When I finished my A levels I moved to Paris. I wanted to train as a pâtissier and chocolatier, which I did, eventually, but not before indulging in a lot of typically Parisian nonsense such as getting sacked from French bistros, crashing scooters and moving into the top floor of a crumbling apartment block.
I finally enrolled at the L’ecole Médéric (a Parisian cooking school), just me and a dozen 18-year-old lads. It was there that I learned the art of buttery croissants, glossy chocolate tartes and filthy French swear words.
After qualifying top of the class I moved to London and began working for a luxury chocolate company. It was then that I realised something was missing in the British confectionery market. In Paris I would make four different types of marshmallow a week. They were used in the famous gateaux royal, brought along to dinner parties or served as a petit four. But in England they were just pink and white puffs. I started experimenting after work with different flavour combinations, using fresh fruits and herbs and spices. Some were successful, some less so, but after a while I found the right combinations and realised I had created a product that tasted unlike anything else.
I never set out to be an entrepreneur. I just learnt a craft. Eventually I managed to blag a Saturday market stall on Portobello Road and started to sell the marshmallows I had developed. I would make them at night and work on the stall on a Saturday.
That was four years ago and a lot has changed since then. My Marshmallowist marshmallows are now stocked by Selfridges and Harvey Nichols, I have my own bakery and have taken on fantastic staff to work alongside me. I’ve just finished my first recipe book, which comes out early next year, have some really exciting collaborations and I’m finally starting to feel as though I might just be getting there.
For years, when I worked in bakeries and kitchens, I had to be up at the crack of dawn. Thankfully I don’t have to do that anymore. I wake up at 7.30 and I’m in the bakery by 9. Being a “marshmallowist” sounds quite soft and fluffy but I seem to spend most of my day carrying out extremely heavy lifting: attaching large mixer bowls to a one-tonne Hobart (food preparation machine), fixing broken strings on my ganache cutter or lifting 25 kilo bags of sugar from my van.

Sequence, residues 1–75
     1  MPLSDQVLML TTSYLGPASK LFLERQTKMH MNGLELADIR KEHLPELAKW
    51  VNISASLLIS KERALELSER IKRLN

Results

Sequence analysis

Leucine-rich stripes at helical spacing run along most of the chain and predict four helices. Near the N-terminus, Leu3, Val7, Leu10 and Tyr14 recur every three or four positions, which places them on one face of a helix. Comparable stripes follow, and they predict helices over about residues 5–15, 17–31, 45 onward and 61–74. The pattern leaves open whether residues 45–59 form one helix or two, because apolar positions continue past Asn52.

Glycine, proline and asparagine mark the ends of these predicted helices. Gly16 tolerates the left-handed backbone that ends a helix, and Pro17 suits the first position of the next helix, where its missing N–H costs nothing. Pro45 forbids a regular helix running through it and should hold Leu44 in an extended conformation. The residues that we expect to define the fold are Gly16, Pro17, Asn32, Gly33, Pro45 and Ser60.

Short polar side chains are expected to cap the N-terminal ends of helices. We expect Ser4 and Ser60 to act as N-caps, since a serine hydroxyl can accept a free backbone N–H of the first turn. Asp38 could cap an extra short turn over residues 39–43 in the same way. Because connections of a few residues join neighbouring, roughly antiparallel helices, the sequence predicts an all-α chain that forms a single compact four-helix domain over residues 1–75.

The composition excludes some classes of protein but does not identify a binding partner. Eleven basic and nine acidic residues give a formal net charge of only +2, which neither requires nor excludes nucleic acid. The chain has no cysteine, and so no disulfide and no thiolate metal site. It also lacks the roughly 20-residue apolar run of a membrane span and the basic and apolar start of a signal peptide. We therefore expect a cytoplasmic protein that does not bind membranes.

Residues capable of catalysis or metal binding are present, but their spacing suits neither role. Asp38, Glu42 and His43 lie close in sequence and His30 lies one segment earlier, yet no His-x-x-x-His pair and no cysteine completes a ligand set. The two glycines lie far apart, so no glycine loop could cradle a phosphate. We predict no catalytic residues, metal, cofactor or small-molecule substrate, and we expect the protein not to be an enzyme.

The marshmallow process takes three days, from chopping fruit to make the fresh puree, to whipping up the sugar, pouring , setting, cutting, conditioning and then packing.
Our online shop sends alerts to my phone so as soon as someone places an order. It comes straight through to the kitchen. Making sure that customers come to our online store and are happy enough to order again is really important. Seventy percent of my business is through our web shop, so I’ve had to quickly get out of the chef mindset and think about the design and creative aspects of the company.
I take all the photographs for our Instagram account and and other social media, so I always have to remind myself to stop what I’m doing and take a picture of it. It isn’t something that I gave much thought to before, but over the last year it’s become increasingly important. It’s also a great way of connecting with food lovers, food producers and chefs. Being in a kitchen all day can be quite isolating, so being part of an online community makes it a lot more satisfying.
Events take over a lot of my evenings. I offer pop-up stands and “s’more stations” for corporate parties, weddings and street food markets. If I’m not setting up at one of these then I’m catching up on emails, invoicing and accounting. This side of the business has really crept up on me. At first it was easy enough to manage, but as the business has grown I had to get my head around spreadsheets a lot faster than I would have liked.
The perks of the job are incredible. I get to decide who I want to work with and how I want things to look, sound and, of course, taste. I also realised that I couldn’t do it all by myself, so last year my sister Jenny came to work with me. Being able to do this together means that the downsides (the lack of money and social life) aren’t quite so hard.
It seems like there are a lot of entrepreneurs who are moving into the food business. That’s great for growing the industry, but it’s very different from being a chef, creating your own products and growing a company for the love of food rather than the love of success.
A lot of people assume that they can get someone else to make their product for them, make it for a cheaper price using poor-quality ingredients and underpaid staff. I would rather work an extra five hours a day myself than not pay someone working alongside me a living wage.
I think it’s becoming harder for artisan producers to get a break in the food industry when there are so many former city workers making cynical attempts to cash in on their craft and creativity.